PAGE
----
Psychiatric Rehabilitation

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Psychiatric rehabilitation


Psychiatric rehabilitation involves helping people with mental illness gain or improve skills while obtaining the necessary resources and support to reach their goals.


The purposes of psychiatric rehabilitation include helping individuals cope more effectively with the symptoms of their disorders; preventing or delaying the reemergence of symptoms; assisting the individual in managing or reducing secondary symptoms not relieved by medication, e.g., social withdrawal or apathy; teaching or restoring social and living skills that may never have been learned or that have atrophied during periods of illness or hospitalization; and enhancing support while lessening stress in the individual's environment.

Therefore, the goals of rehabilitation professionals are to sustain symptomatic relief, establish or reestablish interpersonal and independent living skills, and help individuals reach a satisfactory quality of life.


The concepts of mental health and mental illness are culturally determined. In the United States mental illness is generally viewed as a maladaptive response to stress, evidenced by thoughts, feelings, and behaviors that interfere with social, occupational, or physical functioning.

Of the estimated 40 million people in the United States who have psychiatric disabilities, approximately five million are considered seriously mentally ill. People with psychiatric disabilities often have limited daily functioning that includes difficulties in relating, problems coping with stress, difficulty concentrating, and a lack of energy or initiative.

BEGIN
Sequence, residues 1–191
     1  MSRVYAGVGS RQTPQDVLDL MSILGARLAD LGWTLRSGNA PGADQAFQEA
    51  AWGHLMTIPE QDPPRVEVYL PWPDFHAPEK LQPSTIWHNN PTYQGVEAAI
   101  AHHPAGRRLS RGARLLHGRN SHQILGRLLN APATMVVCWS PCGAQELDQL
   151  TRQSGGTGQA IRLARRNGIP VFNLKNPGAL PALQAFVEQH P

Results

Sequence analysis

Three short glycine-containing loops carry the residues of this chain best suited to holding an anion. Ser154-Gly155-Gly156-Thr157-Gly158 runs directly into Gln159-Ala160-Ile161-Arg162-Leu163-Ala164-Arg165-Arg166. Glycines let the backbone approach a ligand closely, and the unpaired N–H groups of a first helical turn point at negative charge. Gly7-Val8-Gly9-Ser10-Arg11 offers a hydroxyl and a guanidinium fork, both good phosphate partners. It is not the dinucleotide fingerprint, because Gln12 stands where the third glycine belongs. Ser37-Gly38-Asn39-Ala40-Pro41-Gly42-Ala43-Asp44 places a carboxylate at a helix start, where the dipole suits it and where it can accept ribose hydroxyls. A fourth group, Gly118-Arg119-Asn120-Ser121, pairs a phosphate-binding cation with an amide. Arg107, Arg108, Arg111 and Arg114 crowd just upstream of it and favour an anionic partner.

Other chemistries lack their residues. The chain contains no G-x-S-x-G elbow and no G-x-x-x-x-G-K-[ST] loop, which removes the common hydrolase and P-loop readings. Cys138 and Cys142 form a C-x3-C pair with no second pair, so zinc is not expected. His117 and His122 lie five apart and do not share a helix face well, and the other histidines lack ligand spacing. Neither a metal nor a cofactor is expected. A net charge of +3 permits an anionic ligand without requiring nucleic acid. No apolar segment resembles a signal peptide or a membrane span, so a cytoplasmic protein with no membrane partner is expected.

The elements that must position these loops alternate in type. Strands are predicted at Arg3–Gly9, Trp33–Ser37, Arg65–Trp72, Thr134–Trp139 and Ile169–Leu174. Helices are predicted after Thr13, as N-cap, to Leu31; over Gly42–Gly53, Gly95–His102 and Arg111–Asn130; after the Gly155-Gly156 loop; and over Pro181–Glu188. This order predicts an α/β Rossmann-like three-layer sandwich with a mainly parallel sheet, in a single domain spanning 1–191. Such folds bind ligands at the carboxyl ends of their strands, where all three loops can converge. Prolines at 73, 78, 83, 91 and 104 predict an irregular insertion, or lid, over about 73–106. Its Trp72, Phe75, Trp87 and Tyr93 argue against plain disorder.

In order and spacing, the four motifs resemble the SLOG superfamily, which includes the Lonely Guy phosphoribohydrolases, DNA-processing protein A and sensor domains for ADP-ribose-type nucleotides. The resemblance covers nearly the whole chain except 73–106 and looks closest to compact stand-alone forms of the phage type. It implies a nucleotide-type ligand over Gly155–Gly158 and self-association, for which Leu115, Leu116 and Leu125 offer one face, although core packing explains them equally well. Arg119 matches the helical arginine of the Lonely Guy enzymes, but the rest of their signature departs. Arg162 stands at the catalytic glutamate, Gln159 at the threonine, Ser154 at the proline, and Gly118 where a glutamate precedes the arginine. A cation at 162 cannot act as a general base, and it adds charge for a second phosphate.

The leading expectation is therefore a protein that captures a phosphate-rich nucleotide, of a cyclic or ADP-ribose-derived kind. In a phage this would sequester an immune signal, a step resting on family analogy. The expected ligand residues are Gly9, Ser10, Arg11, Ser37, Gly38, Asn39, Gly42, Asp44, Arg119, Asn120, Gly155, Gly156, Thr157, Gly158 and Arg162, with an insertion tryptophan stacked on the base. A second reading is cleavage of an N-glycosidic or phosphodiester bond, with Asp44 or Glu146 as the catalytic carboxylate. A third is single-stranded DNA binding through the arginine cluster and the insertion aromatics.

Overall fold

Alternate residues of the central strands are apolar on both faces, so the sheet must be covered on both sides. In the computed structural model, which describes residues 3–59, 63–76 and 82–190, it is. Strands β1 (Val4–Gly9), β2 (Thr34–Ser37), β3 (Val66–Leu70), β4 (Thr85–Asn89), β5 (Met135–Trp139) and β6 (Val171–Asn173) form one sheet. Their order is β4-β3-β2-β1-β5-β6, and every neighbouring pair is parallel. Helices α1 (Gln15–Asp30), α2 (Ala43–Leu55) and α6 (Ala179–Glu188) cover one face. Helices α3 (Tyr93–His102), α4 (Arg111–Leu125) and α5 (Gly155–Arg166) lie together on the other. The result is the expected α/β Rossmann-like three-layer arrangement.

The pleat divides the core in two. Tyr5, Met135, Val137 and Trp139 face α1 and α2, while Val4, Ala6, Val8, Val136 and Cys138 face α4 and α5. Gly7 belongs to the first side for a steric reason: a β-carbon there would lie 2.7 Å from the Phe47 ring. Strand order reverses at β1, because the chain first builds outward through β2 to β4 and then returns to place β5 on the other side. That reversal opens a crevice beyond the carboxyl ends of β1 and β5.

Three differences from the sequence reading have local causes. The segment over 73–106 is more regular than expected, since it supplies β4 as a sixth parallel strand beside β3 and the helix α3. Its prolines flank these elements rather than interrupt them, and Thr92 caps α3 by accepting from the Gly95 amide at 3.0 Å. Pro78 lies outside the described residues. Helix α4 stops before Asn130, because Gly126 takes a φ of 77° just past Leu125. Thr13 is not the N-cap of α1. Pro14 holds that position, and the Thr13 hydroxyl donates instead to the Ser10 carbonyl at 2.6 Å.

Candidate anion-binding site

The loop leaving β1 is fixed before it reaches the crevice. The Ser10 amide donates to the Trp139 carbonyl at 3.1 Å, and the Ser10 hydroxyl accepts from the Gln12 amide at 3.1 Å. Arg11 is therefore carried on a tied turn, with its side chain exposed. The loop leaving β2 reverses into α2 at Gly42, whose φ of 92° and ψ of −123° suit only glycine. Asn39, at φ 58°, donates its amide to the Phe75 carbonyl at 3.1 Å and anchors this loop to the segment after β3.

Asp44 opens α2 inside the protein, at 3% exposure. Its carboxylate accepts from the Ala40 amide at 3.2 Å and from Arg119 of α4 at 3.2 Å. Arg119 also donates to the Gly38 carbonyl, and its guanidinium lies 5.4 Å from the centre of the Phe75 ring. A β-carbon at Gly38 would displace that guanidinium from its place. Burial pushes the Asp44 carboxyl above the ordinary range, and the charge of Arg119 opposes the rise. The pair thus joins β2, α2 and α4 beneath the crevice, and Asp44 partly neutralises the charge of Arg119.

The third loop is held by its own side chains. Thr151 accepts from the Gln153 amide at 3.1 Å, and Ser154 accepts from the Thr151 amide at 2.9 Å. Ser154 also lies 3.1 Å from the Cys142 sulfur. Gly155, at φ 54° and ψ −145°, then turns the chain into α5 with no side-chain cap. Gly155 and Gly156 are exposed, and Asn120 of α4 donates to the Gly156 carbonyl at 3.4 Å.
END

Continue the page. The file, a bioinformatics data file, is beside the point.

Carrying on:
Psychiatric rehabilitation takes place in a variety of settings, including mental health centers, hospitals, sheltered workshops, halfway houses, correctional facilities, places of employment, and the individual's home. It most often involves assessment, training, and modification of personal and community environments. Because rehabilitation focuses on adjustment to everyday life, it is important for the individual to participate as much as possible in choosing the objectives.


Medications prescribed for severe mental illnesses, called neuroleptic drugs, have a number of side effects. Standard drugs prescribed for schizophrenia , one of the most debilitating mental illnesses, include Haldol, Thorazine, Trilafon, Mellaril, Serentil, Stelazine, and Prolixin. Side effects include agitation, sleepiness and lethargy, dry mouth, eye problems, allergic reactions, weight gain, menstrual irregularities, and sexual dysfunction . Malignant neuroleptic syndrome, a less common but more serious side effect, causes very high body temperatures that can be fatal in some cases if not treated promptly. Hyperprolactinemia or high levels of the female hormone prolactin are common among those taking neuroleptics. This side effect causes menstrual abnormalities while increasing the risk for osteoporosis and breast cancer .